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Court Applies Comp Principles as Guidance to Reject Vicarious Liability for Employer

By WorkCompCentral

Wednesday, September 27, 2017 | 1203 | 0 | 0 min read

A California appellate court ruled that an employer could not be held vicariously liable for the alleged negligence of an employee in causing a fatal car accident, since the employee was not acting within the scope of his employment at the time of the collision.

Case: Morales-Simental v. Genentech, No. A145865, 09/22/2017, unpublished.

Facts: Early on the morning of Dec. 13, 2012, a vehicle operated by Vincent Inte Ong collided with a vehicle driven by Louis Deandre Gonzalez Jr. on the San Mateo Bridge. Marisol Morales was a passenger in Gonzalez’s vehicle and was killed in the collision.

During an interview at the scene of the accident, Ong told the police he was driving to a Genentech facility in South San Francisco to pick up some resumes for upcoming interviews. Ong worked for Genentech as a lead technician on the night shift and participated in the company’s hiring process.

He was not scheduled to work on the night of the accident and was using his personal vehicle when the accident occurred.

Procedural history: Morales’ family sued Ong, asserting that his negligence had caused her death. The family also sued Genentech, contending that the company was vicariously liable for Ong’s conduct.

Genentech moved for summary judgment dismissing the family’s claim against it. An Alameda Superior Court judge granted the company’s motion.

Analysis: The Court of Appeal for the 1st District of California explained that an employer generally will be held vicariously liable for the tortious conduct of its employees within the scope of their employment.

But, the court said, California case law has recognized that an employee commuting to or from work is typically outside the scope of employment, and the employer is not liable for the employee's torts while traveling. This is known as the “going and coming rule.”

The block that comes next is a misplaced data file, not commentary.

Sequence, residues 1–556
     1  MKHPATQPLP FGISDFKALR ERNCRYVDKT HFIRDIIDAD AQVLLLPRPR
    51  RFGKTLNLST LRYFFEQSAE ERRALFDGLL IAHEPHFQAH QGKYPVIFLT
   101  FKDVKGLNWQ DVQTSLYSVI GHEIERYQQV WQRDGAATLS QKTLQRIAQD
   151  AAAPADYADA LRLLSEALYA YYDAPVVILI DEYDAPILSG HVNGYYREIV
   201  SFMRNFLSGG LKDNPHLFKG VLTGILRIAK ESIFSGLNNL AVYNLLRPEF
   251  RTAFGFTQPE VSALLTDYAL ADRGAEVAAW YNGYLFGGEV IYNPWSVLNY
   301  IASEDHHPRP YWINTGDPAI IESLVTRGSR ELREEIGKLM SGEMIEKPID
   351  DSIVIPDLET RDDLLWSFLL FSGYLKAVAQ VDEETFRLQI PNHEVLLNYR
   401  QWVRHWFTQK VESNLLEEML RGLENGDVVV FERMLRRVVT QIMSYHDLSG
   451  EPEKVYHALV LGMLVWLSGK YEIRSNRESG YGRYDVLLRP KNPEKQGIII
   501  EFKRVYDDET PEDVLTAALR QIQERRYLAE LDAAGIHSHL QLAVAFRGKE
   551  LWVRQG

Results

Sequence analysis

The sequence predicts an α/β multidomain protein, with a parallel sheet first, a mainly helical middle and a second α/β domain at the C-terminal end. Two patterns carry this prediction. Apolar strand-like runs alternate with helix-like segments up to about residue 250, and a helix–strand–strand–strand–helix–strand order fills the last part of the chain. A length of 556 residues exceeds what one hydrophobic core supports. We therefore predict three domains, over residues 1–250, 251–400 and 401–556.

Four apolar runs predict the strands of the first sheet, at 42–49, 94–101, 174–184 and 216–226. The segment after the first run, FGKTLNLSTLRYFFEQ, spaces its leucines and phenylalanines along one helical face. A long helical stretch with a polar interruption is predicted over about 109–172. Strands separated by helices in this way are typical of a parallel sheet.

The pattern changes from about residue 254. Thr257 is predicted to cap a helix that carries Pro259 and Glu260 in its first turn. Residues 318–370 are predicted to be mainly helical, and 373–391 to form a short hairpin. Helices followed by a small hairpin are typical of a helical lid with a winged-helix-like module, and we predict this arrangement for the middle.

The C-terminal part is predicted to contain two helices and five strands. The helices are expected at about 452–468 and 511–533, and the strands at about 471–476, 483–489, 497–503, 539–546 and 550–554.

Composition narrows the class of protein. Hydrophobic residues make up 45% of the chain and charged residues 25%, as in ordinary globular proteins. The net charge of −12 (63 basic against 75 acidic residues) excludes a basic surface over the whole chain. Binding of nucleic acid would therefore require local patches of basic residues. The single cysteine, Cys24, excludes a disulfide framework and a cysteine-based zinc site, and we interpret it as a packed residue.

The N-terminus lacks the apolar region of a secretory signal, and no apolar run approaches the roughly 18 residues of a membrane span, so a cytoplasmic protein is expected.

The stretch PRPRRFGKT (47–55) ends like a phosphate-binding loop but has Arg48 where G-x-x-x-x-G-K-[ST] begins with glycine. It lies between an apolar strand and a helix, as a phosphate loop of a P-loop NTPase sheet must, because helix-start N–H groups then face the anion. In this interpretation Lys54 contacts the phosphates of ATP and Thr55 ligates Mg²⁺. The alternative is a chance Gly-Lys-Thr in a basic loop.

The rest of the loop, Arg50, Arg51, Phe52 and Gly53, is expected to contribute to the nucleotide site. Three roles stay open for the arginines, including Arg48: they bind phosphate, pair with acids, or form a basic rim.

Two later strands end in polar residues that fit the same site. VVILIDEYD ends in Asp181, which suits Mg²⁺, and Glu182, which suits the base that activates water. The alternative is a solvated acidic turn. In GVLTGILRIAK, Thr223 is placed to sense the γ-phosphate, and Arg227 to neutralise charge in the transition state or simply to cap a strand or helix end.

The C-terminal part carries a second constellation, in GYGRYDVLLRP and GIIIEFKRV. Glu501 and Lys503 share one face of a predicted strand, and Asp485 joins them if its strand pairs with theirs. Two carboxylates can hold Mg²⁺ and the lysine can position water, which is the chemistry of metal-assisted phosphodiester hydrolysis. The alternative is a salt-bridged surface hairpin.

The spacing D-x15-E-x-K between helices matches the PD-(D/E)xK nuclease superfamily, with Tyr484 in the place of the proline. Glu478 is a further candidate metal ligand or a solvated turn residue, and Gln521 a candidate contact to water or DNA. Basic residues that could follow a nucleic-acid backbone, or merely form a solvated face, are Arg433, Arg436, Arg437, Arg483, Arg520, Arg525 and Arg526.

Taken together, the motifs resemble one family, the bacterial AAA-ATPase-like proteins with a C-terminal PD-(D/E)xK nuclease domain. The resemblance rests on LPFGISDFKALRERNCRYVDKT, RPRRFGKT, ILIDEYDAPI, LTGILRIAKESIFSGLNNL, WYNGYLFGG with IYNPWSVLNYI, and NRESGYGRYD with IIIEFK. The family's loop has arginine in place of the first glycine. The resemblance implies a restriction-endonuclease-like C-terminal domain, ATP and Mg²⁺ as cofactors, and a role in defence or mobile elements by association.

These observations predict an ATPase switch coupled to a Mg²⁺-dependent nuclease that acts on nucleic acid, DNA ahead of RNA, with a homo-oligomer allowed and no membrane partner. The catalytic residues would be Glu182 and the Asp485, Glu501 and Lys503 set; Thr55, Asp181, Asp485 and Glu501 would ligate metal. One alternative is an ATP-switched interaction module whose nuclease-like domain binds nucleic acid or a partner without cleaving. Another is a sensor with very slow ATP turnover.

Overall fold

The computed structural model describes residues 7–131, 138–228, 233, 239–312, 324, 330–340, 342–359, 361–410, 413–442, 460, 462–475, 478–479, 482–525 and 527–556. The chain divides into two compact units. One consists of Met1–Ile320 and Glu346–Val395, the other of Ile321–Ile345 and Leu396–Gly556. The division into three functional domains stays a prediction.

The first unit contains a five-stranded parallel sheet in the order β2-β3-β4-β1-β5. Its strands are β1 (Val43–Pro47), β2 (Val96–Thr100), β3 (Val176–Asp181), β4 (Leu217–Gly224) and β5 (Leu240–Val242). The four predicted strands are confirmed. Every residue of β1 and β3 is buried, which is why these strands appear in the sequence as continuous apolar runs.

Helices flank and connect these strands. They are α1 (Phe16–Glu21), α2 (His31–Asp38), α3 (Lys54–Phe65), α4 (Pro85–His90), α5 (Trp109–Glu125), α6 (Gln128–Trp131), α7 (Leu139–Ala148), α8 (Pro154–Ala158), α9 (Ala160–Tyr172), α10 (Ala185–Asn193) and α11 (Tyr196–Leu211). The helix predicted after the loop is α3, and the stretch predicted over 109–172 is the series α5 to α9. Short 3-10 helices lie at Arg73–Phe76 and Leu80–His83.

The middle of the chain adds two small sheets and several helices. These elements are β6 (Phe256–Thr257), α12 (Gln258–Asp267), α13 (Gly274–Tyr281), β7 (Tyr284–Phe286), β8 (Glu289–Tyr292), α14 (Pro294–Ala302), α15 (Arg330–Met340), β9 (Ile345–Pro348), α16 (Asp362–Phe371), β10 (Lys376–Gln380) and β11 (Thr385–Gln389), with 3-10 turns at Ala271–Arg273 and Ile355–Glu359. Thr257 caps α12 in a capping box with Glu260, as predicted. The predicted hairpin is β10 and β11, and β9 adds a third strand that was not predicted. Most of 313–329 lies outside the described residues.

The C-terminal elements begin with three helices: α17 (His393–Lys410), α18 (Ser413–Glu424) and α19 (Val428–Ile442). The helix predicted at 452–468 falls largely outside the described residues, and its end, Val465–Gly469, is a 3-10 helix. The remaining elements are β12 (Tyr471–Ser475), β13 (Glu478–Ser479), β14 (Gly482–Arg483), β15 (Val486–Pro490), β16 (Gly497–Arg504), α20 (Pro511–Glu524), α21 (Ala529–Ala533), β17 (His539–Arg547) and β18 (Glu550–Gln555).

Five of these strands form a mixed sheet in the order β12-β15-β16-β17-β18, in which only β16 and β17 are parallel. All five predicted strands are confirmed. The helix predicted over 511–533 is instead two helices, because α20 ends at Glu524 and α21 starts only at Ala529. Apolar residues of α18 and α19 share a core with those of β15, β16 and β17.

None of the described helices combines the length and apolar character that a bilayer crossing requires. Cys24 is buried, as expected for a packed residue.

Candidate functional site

The court added that “special errand rule” is an exception to the going and coming rule, and it provides that an employee is within the scope of his employment while performing an errand either as part of his regular duties or at the specific order or request of his employer.

“Many court decisions on the going and coming and special errand rules include some discussion of workers' compensation law,” although workers’ compensation decisions construe the scope of employer liability more broadly than do tort cases, the court noted. The court acknowledged that workers’ compensation decisions “can be helpful in determining whether an employer should be vicariously liable,” even though they are not controlling precedent.

The court rejected the idea that Ong was on a special errand for Genentech on the night of the accident, as there was “no evidence that anyone from Genentech requested that Ong drive to Genentech in the dead of night.”

Even in workers' compensation cases, which embrace a more lenient standard for determining when an employee is on a special errand, an employee's decision to take work home or to drive to work at an unusual time does not bring the trip within the scope of employment, the court said.

While the evidence indicated that Ong had hiring responsibilities for the company, the court said that didn’t mean he “had the authority to order himself to perform a special errand for Genentech.”

If the court were to accept such a proposition, that would “expand the special errand rule to allow employees at various levels to request special errands of themselves on behalf of their employers, thereby stripping the employer of the ability to control when it will be liable for an employee's off-shift activities.”

The court went on to find that any credibility issues stemming from Ong's inconsistent testimony about why he was traveling to Genentech were not material to the resolution of the special errand issue. Even if it accepted the family’s assertion that Ong was driving to Genentech to pick up resumes for upcoming interviews, the court said, it could not conclude Ong was acting within the course of his employment at the time of his accident.

The court also said it saw no error in the trial judge’s evidentiary rulings.

Disposition: Affirmed.

To read the decision, click here.

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